Watsessing Park History

 
 

History of Watsessing Park

Bloomfield/East Orange, NJ

Imagine that you're in Watsessing Park with a time machine … you step inside, set the date to 1850 and press "Activate" on the touchscreen. The time machine does its thing … you step out into a different century … and get very, very, wet!
Welcome to Lake Watsessing. Up at the north end, near Bloomfield Avenue, there's a dam. On the other side is a mill – perhaps a sawmill, cutting logs into lumber, or a grist mill, grinding wheat or other grains into flour (no Home Depot or Foodtown in 1850!). The lake, which supplied water at a steady rate to power the mill (green energy!), was described by the Historical Society of Bloomfield as "large but shallow" and "thought to date from the very early 1800s."
But times and technology changed, and by the 1870s, the mill had been abandoned and eventually burned down. When a flood washed out the dam, officials decided not to replace it. Lake Watsessing drained, leaving behind what the historical society called "acres of weeds and odiferous swamps."
There were several different attempts to find new uses for the land … the owner of a large section tried to divide it up into housing lots, but it's reported that the surveyor botched the job and owners found their property lines overlapping. 

Meanwhile, at the East Orange end was another mill pond, powering Dodd’s sawmill, a fixture since the early 1700s.  By the late 1800s, that mill was also shut down. In the 1880s, in a progressive move, the City of East Orange installed a sewer system and built a sewage treatment plant near Dodd Street. Apparently, that smelled worse than the "odiferous swamps," and complaints by residents - mostly in Bloomfield - forced the city to shut it down within just a few years.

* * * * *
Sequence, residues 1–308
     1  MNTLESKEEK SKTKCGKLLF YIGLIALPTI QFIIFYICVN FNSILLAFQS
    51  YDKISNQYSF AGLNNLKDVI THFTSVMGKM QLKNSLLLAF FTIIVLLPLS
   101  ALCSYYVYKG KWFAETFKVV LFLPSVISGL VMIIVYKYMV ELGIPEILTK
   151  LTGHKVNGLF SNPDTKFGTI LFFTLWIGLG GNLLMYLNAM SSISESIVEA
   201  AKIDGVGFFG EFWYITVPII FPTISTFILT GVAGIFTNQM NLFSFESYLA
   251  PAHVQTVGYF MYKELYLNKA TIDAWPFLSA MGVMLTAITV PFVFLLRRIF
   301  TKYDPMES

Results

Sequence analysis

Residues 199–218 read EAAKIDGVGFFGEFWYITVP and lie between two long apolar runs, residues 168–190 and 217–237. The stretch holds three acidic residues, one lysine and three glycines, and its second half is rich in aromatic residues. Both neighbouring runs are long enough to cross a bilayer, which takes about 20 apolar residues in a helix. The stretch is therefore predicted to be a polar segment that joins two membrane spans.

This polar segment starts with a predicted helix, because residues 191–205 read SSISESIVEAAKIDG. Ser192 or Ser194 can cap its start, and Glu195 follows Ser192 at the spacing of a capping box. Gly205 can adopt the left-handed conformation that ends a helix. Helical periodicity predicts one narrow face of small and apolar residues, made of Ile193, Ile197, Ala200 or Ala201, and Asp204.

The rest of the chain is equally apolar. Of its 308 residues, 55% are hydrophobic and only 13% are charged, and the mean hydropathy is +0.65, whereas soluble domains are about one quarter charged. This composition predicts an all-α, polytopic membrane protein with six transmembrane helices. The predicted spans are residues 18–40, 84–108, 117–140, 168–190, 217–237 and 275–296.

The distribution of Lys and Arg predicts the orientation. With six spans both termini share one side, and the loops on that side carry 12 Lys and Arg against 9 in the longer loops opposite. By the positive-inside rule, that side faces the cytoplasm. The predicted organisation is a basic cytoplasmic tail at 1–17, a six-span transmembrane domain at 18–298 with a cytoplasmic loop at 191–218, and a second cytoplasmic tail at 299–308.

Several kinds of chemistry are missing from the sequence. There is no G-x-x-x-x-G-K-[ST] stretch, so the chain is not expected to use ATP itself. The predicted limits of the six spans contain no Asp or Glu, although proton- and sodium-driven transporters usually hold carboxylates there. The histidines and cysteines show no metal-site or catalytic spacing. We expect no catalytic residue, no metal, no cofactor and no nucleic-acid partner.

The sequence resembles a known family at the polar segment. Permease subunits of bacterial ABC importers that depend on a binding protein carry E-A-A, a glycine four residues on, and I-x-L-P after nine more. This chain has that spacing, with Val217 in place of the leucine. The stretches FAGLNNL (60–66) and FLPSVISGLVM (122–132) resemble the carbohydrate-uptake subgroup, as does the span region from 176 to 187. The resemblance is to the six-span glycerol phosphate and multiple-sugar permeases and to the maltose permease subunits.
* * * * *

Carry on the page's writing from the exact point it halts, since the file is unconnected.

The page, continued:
In 1898, according to a Parks Department history prepared for Watsessing's 2016 centennial, East Orange gave the six acres on which the plant stood to the Essex County Park Commission. One early proponent foresaw the park as linking Watsessing School in Bloomfield with Franklin School (now the Whitney E. Houston Academy) in East Orange. The county hired the Olmsted Brothers - the era's leading designers of public spaces - to lay out the new park. The firm - whose other projects include Branch Brook Park in Newark (the first county park in the U.S.), Central Park in New York City, Prospect Park in Brooklyn, and the grounds of the White House and U.S. Capitol in Washington, D.C. - recommended expanding the park to fill out the block bounded today by Glenwood Avenue, Dodd Street, Cleveland Terrace and Llewellyn Avenue. What is now the southern portion of Watsessing Park opened for public use in 1901.
Bloomfield residents worried that the northern lakebed would be turned into another sewage treatment plant, and started campaigning for a county park there as well. The town started buying up portions of the land near Bloomfield Center. In 1911, residents of Bloomfield, Irvington and the Ironbound section of Newark got the state government to allow the Essex County Park Commission to borrow $300,000 (over $7 million in today's dollars) to build more parks in their communities. $60,000 was set aside for expanding Watsessing Park (the rest went to build Irvington Park and Newark's Riverfront Park).
By the end of 1911, the county had purchased nearly all the land that now makes up the Glenwood Avenue and Bloomfield Avenue portions of the park, and work began on turning the swamp into a park. The new portion of Watsessing park opened in 1916, now stretching from Bloomfield Avenue in Bloomfield to Dodd Street in East Orange. The park lost some land to the construction of the Garden State Parkway in the 1950s, but it still provides an oasis of nearly 70 acres in the middle of a densely populated area.

In 1924, Watsessing became home to the Essex County Lawn Bowling Club, whose bowling green along Glenwood Avenue was considered one of the best in the nation for many decades. The green fell into disrepair in the 1990s but was rebuilt by the county and opened again in 2006. Today, the club is the only lawn bowling club in New Jersey and once again hosts regional, national and international competitions. In 2004, Essex County opened its first off-leash dog park in Watsessing, along Locust Street, across from Watsessing School.

What Does Watsessing Mean?